Tuesday, September 27, 2005

Pulitzer, Shmulitzer. I was on local television.

I have a great family. My mom and sisters love me and are very supportive of what I do. Even if they don't understand exactly what it is that I do do. That's ok. They're supportive anyway. I tell them about my day and they get a glazed look on their faces, similar to the one I often sport when my big sis tries to explain the inner workings of pharmacology to me.

I often forward them links to publications that I've been interviewed for and quoted in, like the LA Times, Washington Post, Datamation, eWEEK, Line 56, and CRM Magazine. They sometimes send me a little email back and say, "Congratulations" (with two exclamation marks). Sometimes I remember to send them links to articles I've written for trade magazines. They are always very polite and supportive, even if they don't actually read the articles.

But should I happen to make a 3 second appearance in a tiny bit of footage on the local tv channel because of a charity walk I participated in, I'll get several excited calls and someone will actually tape it when it comes back on at 11!

I was going to make light of this and say that I don't get it, but I can't because I actually do.

My appearances in various journals and trade publications, as well as the articles that I write, are part of my professional life. It is a Trillian that they've never met. I might be very proud of that part of my life, but it's not a part that they have ever participated in or seen. That's not the Trillian that laughs too loud in the movie theatre or is constantly telling stories about Frankie and Benjy.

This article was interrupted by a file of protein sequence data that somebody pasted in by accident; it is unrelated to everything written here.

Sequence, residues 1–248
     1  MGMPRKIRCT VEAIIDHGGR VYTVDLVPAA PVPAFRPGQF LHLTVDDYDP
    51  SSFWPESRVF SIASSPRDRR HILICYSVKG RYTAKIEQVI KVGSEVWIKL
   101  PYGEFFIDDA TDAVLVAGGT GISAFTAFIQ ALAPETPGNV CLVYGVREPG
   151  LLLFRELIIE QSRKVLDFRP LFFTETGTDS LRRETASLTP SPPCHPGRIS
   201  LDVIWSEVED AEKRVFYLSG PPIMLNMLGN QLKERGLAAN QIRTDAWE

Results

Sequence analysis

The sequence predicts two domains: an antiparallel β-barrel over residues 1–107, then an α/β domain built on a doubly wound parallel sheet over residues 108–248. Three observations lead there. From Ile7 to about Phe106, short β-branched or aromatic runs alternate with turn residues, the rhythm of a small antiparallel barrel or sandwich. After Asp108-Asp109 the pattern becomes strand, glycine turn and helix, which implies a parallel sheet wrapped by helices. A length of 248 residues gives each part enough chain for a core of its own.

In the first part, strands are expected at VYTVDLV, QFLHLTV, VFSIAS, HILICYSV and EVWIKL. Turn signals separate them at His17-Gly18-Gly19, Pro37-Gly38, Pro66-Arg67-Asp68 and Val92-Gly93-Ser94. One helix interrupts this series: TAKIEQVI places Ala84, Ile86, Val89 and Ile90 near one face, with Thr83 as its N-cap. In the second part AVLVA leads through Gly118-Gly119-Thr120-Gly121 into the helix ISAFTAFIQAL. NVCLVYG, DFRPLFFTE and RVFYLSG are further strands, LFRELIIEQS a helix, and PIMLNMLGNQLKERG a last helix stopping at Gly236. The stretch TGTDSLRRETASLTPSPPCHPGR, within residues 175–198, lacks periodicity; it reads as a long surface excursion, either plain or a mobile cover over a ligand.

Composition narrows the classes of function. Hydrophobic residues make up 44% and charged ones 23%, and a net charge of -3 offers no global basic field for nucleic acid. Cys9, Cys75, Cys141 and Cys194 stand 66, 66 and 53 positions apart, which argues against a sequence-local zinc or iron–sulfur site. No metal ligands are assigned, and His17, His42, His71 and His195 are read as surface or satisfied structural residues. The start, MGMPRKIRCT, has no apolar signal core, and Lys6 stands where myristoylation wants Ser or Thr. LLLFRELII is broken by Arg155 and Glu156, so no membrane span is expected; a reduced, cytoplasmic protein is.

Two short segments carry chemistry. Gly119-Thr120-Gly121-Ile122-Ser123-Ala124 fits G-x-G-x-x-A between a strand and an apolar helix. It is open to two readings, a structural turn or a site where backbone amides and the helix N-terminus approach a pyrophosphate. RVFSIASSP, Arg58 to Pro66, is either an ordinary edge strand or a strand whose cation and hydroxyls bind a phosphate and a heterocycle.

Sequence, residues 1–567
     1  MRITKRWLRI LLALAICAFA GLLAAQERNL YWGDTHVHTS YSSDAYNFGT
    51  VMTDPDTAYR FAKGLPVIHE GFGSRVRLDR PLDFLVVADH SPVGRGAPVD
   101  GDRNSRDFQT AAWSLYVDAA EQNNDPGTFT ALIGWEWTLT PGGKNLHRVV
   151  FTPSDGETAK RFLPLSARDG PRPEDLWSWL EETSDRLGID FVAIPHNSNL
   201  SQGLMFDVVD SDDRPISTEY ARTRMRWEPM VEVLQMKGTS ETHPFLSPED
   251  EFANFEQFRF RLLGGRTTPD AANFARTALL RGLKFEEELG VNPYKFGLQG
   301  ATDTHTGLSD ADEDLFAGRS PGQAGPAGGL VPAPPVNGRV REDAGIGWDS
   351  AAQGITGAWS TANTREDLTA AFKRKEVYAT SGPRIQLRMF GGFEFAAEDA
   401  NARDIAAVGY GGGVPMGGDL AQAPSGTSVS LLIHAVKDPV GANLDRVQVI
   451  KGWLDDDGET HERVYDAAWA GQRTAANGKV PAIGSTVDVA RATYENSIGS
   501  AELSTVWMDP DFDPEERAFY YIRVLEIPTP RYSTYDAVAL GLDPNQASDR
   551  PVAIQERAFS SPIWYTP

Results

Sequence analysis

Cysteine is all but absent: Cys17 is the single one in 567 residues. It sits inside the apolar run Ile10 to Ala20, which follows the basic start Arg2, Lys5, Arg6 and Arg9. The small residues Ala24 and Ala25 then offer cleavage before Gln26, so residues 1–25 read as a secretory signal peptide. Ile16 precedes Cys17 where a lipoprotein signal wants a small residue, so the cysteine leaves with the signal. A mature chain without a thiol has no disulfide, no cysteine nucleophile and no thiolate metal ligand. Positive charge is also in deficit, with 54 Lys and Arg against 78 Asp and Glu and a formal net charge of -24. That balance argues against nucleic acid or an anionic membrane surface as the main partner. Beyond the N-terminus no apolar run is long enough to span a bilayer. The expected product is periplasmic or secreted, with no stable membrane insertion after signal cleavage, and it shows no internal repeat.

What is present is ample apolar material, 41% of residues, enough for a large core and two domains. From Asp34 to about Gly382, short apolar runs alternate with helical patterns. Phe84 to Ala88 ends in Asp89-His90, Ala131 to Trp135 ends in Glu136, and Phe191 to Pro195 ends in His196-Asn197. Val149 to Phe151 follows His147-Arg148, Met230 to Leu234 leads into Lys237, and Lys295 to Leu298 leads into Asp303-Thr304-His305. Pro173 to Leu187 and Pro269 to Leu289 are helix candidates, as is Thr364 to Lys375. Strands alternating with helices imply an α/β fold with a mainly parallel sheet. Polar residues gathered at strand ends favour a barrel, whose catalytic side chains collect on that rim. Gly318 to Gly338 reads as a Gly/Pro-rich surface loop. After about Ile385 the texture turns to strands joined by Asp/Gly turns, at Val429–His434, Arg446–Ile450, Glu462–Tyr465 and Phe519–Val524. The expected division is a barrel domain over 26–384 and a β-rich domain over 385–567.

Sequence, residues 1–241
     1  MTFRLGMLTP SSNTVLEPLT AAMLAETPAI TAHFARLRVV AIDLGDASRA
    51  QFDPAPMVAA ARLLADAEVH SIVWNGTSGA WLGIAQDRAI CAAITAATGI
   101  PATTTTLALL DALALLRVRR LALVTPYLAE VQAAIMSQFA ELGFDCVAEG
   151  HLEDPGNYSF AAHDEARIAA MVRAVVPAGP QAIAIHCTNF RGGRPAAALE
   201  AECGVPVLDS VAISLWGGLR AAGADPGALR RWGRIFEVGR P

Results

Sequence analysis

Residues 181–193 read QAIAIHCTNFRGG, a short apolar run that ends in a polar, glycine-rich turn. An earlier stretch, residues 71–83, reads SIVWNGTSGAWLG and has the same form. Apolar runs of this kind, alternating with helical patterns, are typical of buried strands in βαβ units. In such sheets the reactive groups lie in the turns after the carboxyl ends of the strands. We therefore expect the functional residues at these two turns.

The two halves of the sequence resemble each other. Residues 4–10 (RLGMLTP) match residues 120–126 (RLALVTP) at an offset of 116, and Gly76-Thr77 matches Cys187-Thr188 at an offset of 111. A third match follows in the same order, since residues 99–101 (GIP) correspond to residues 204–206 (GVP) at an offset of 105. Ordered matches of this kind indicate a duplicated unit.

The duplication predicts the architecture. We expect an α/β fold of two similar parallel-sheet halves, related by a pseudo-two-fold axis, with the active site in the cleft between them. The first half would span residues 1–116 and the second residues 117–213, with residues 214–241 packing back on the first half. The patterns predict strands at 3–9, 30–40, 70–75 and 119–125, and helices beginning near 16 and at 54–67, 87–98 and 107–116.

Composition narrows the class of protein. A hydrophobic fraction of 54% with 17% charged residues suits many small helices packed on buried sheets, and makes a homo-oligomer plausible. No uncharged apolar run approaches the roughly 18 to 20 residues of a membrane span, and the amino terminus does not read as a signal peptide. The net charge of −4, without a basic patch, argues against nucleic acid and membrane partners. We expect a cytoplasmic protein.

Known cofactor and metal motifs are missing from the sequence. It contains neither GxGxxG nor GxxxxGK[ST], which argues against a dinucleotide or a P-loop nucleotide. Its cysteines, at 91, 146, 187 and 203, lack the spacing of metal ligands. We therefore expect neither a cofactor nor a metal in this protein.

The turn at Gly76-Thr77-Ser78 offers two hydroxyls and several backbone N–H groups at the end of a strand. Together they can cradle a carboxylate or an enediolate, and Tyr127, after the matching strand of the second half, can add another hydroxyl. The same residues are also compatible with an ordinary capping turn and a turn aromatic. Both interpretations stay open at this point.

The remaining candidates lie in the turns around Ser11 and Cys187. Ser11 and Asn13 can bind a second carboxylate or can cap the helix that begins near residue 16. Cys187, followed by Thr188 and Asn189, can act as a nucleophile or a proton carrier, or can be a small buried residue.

The chick that waddled past the tv crew at the charity walk? Ah. That's the Trillian that they know and recognize. And, so while it may seem funny that they get more excited about a chance appearance on a local news show than by coverage as an industry expert in an international publication, it all makes sense in a weird-ass, crazy, cosmically fucked-up way.

Know what? That's ok. I wouldn't trade them for coverage in Time Magazine.


At 9:08 PM, Blogger Dean said...

People go nuts when it comes to TV. I wonder if it has something to do with the transience of the medium: miss it and it's gone.

Or maybe it's just that TV is chock full o' famous people, like that idiot Ashton Kutcher, or Pamela Anderson's breasts. You know, if you've been on TV, you're only a bra-strap away from the most famous silicone in the world.

At 1:05 AM, Blogger Carmi said...

You have just described my life to a t. That glazed look pretty much describes everyone in my extended family when I tell them about my own latest geek-literary exploit.

They all stare at the ceiling and count the holes when I tell them I've been quoted in the New York Times or the Washington Post. But when the local radio hack in their town starts talking about my CAT, they're all over me like a cheap suit.

Gotta love 'em...

At 12:52 PM, Blogger Rachel - Wicked Ink said...

It all comes in increments. Sometimes when we aren't familiar with a topic we don't want to mention it for fear of demonstrating how 'dumb' we are.

My first by line was shown to everyone - a simple 800 word article. Guess how many actually read it? about 20%. 800 words, not even technical stuff.

This stuff is my stuff, and I try to remember (sometimes its hard) that I write for my pleasure, and thats the best part.

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